Pain in the shoulder joints can be crippling, impacting arm movement and restricting you from performing simple daily tasks. The problem could be loose bodies in the shoulder, a common consequence of sports or work injuries. Loose bodies are pieces of dislodged bone or cartilage trapped in the thin membrane surrounding the shoulder joint (the synovium).

Causes of Loose Bodies

If you participate in sports heavily or have a physically demanding job, you are more susceptible to fractures and other injuries that can dislodge fragments of bone or cartilage. In addition, you could be accelerating the gradual degeneration of the shoulder joint’s cartilage, which leads to osteoarthritis.

Often, individuals with degenerative diseases like osteoarthritis require loose body removal. Other causes include tuberculosis, rheumatoid arthritis, bone and cartilage inflammation, trauma and benign tumors of the synovial membrane.

Loose bodies in the shoulder can cause swelling, pain and the joint to catch and lock. If you think you have loose bodies, Dr. Steven Struhl offers effective loose body treatments at his Westchester and New York City clinics. He is a highly-qualified orthopedic surgeon and shoulder specialist.

Locating the Loose Bodies

At AC Joint Separation, we can perform the following imaging exams to determine if you have loose bodies and which removal procedure to use.

Often X-ray is the first test performed to diagnose and locate loose bodies. An X-ray detects bone and cartilage. Most particles contain bone or cartilage, so this imaging technique is effective.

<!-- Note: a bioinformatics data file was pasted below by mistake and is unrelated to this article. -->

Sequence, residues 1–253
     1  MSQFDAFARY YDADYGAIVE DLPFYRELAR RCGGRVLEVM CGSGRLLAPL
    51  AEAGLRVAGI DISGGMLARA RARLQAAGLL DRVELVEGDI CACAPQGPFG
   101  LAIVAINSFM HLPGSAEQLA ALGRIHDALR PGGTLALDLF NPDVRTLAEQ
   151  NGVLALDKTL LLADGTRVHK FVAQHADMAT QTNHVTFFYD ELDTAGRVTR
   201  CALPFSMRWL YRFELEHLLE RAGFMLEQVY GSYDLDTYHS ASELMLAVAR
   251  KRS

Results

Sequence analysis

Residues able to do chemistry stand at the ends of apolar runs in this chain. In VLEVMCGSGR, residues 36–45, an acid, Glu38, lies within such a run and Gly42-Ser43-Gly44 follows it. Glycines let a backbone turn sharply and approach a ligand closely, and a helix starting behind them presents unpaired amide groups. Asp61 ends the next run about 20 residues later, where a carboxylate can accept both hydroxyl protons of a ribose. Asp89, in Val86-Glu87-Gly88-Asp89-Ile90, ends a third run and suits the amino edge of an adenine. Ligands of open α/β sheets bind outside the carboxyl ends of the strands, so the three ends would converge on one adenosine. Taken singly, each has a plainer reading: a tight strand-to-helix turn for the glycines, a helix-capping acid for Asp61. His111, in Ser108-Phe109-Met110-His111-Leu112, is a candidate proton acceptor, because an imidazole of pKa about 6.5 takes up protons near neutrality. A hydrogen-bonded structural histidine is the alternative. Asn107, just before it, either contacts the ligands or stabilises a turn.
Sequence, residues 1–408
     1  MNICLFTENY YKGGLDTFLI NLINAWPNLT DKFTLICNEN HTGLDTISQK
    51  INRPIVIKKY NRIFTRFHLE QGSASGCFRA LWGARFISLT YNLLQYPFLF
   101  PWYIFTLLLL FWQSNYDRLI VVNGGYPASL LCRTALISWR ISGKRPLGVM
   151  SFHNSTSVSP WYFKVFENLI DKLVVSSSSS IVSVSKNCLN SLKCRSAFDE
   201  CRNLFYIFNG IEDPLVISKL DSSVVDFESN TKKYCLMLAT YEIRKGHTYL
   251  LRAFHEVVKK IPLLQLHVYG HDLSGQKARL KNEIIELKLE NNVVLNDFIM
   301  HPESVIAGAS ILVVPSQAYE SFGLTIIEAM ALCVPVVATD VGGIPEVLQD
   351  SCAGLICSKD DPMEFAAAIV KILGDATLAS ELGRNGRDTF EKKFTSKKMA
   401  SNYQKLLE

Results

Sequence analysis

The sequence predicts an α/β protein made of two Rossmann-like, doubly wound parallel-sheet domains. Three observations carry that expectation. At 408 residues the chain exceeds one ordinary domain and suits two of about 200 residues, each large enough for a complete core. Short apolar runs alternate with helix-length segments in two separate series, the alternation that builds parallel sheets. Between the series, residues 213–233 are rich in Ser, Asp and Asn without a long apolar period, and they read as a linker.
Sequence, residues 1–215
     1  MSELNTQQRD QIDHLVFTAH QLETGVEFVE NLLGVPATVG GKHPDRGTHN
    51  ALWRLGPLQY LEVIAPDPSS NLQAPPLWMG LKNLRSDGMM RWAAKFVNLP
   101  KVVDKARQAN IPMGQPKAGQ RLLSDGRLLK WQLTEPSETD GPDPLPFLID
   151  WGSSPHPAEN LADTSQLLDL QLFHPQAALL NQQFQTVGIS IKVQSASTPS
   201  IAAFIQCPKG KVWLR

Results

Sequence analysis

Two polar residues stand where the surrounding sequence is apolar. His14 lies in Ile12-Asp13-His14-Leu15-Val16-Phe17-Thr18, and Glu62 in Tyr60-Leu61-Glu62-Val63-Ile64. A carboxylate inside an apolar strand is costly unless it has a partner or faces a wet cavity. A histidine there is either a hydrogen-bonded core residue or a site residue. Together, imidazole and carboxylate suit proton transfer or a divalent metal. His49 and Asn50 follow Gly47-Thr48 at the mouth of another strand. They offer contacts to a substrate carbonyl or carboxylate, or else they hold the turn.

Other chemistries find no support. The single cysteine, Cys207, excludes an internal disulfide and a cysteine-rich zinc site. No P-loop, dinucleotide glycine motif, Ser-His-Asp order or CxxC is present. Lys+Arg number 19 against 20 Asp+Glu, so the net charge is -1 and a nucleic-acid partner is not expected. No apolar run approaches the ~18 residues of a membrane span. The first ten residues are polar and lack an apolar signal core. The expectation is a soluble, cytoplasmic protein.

However, if nothing shows up, the loose bodies are too small and contain minimal bone or cartilage fragments. Therefore, other diagnostic tests such as a CT scan, an MRI or arthrography may be necessary.

  • A CAT scan involves X-ray and computer technology, providing a higher-definition image of the affected joint’s bone.
  • An MRI uses electromagnetic radio waves instead of radiation, which causes vibrations that can be turned into high-definition images. Bone-less particles can be found with this test.
  • Arthrography is rarely used for the shoulder (it’s usually best for small joints like the wrist) but may help see the joint in better detail if other methods aren’t effective. It involves a dye injection to the affected area followed by an X-ray.

Removing the Loose Bodies

At AC Joint Separation, we remove the loose bodies by arthroscopic procedure. Arthroscopy is minimally invasive, requiring only a couple of tiny incisions. The technique used during the surgery depends on the size and location of the loose bodies.

One method involves a suction tip to remove the loose bodies. Another uses a mechanical burr to break the loose bodies into tiny pieces that the body eliminates via enzyme degradation.

If the loose bodies are too large and cannot be removed by arthroscopy, a more extensive surgery called arthrotomy might be necessary. This surgical procedure involves larger incisions for a better view and easier removal.

After your surgery, you might need to participate in a rehabilitation program to restore strength and function to the affected joint. To begin your shoulder recovery journey now, contact AC Joint Separation today to schedule a consultation with Dr. Struhl.

Posted on behalf of Steven Struhl MD